Counting — Placing 5 balls into 3 boxes

Five balls are numbered 1 to 5. Three boxes are numbered 1 to 3. How many distinct ways can the balls be put in the boxes if two boxes have two balls each and the other box has the remaining ball?

I approached this as you first choose which of the five balls to place in any of the three boxes, giving you $(5 \cdot 3)$ choices.

Then you choose which box to place the 2 out of four remaining balls, giving $\left(\begin{array}{c} 4 \\ 2 \end{array}\right)\cdot 2$ choices.

Finally, there is only one remaining choice left for the rest, giving a total of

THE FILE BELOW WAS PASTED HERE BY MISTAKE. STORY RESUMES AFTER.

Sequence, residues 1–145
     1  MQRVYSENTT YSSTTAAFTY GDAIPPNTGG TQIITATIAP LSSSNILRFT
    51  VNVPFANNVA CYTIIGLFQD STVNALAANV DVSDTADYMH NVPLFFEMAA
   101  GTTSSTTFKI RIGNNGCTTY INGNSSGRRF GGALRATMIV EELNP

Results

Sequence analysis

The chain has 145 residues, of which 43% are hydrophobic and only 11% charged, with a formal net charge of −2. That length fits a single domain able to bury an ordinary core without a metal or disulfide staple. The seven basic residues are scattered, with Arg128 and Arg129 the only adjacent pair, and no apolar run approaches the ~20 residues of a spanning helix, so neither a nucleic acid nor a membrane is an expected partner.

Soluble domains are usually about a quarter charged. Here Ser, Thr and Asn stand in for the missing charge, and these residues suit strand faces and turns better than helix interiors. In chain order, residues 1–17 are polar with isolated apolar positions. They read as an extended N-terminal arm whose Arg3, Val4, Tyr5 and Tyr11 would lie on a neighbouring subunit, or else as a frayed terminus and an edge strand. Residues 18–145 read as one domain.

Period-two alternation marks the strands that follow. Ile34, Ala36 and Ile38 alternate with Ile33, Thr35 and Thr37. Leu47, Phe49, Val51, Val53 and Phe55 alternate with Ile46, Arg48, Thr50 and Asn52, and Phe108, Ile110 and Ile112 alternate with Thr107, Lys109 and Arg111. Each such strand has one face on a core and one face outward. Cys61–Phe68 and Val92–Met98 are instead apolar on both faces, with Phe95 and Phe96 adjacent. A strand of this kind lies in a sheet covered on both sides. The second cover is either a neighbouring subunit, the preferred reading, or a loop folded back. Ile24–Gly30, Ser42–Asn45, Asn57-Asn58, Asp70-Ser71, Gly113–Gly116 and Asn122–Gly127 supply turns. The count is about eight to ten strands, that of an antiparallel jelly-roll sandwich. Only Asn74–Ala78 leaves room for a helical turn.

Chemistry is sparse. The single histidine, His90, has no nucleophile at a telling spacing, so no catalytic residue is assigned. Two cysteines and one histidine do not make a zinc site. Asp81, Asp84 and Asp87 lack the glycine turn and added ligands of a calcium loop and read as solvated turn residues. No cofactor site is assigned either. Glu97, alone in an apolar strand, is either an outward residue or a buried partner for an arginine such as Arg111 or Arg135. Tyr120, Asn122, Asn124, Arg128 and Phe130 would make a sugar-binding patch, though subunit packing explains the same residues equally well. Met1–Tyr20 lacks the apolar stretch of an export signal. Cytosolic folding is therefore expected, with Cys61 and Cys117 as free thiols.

$$\left( 5\cdot 3 \right)\cdot \left(\begin{array}{c} 4 \\ 2 \end{array}\right)\cdot 2$$ choices.

However, this gives the answer of $180$ whereas the solution to this is $90$.

I need to divide by 2 somewhere, but I cannot figure out why I would need to.

You need to divide by two because the following two procedures have the same effect:

• Place ball A in box X
• Place ball B,C in box Y
• Place ball D,E in box Z

and

• Place ball A in box X
• Place ball D,E in box Z
• Place ball B,C in box Y.

Your formula treats these as distinct, but they, of course, yield the same result.